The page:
An unsecured “credit bid” – a first in the UK restructuring market

Hogan Lovells has secured UK High Court approval for a so called “credit bid” in an application by the Special Administrators of Sova Capital Ltd (in special administration) for a substantial portfolio of illiquid Russian securities. The transaction structure, involving the transfer of securities in exchange for the release of a £233m claim against the estate, is unprecedented in the UK where ‘credit bidding’ has no technical recognition. While it is not unusual for secured creditors to enter into a UK transaction with the economic effect of a ‘credit bid’, this is the first time such a structure has been used in relation to unsecured debt claims. Against a uniquely challenging back-drop of complex, evolving US, UK and Russian sanction regimes, the innovative structure will enable Sova to achieve materially higher recoveries for all its creditors than would otherwise have been possible.

Background to Sova and the Special Administration

Sova Capital Limited (in special administration) ("Sova") is an FCA authorised investment broker. It provided investment brokerage services to institutional clients, mostly trading in the Russian market. As the result of market turmoil following the Russian invasion of Ukraine, Sova suffered a liquidity crisis and its directors applied for Sova to be placed into special administration pursuant to the Investment Bank Special Administration Regulations 2011 (the "IBSA Regulations") by order of the English Court. Sova had several £billion of assets under management across its CASS arrangements (both client monies and client assets) and its house portfolio. The IBSA Regulations were enacted to provide a modified insolvency regime for investment firms such as Sova, following the lessons learned from the Lehman administration.

Background to the Transaction

As an investment broker in the Russian market, 87% of Sova's investment portfolio comprised securities held in depositaries in Russia ("Russian Securities"), many of which were traded on the Moscow Stock Exchange ("MOEX"). As a result of UK, EU and US sanctions and Russian counter-sanctions imposed since the invasion of Ukraine, the Special Administrators were unable to realise the Russian Securities on a normal basis. The closure of MOEX to residents (including Sova) of countries Russia has designated "hostile" means Sova could only trade the Russian Securities on an over-the-counter basis, with either a Russian buyer or a non-Russian buyer. Any Russian buyer would need to be permitted to transact under Western sanctions and also required Russian government approval to transact, while any cash received by Sova in Russia required Russian central bank approval for repatriation to the UK. A sale of the Russian Securities to a non-Russian buyer in a hostile jurisdiction would have been extremely challenging. This meant that while the Russian Securities proposed to be sold had a nominal face-value of £274m, the Court accepted that it was "unreal" that Sova could, in practice, realise anything like that value.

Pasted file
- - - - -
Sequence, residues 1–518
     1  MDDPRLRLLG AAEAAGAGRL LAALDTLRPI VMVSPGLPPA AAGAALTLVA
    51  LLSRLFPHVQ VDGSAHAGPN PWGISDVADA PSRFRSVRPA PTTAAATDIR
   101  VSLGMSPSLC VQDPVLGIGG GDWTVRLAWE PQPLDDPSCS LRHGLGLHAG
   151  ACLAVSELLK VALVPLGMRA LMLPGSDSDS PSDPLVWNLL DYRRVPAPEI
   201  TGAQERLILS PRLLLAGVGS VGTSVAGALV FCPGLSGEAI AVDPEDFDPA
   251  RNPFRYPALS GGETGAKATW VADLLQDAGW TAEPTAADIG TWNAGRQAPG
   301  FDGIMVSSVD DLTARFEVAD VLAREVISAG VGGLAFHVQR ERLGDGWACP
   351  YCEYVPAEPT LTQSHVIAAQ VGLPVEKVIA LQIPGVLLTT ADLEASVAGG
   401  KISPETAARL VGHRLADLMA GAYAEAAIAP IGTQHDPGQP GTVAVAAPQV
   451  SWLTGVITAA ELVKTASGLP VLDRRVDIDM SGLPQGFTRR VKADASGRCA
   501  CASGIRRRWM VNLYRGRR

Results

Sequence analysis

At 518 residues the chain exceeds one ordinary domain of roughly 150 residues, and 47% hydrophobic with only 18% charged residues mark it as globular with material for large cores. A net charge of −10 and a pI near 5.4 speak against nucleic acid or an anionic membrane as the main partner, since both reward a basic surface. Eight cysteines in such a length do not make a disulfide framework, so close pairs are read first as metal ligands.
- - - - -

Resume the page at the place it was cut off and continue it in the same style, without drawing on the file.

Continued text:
As such, following a marketing process, the Special Administrators sought approval to enter into transactions with one of its largest unsecured creditors ("Dominanta") for a sale of certain of its valuable  trapped Russian assets, in exchange for a release of that creditor's £233m claim against Sova (the "Transaction"). The Special Administrators also received a separate bid from another creditor ("BZ"), who as part of a consortium offered £125m cash and waiver of claims worth £20m (the "BZ Offer"), and contested the application. The Alternative Offer was considered to be reasonably comparable to the other offer received; however had considerable  deliverability risks including third party approvals.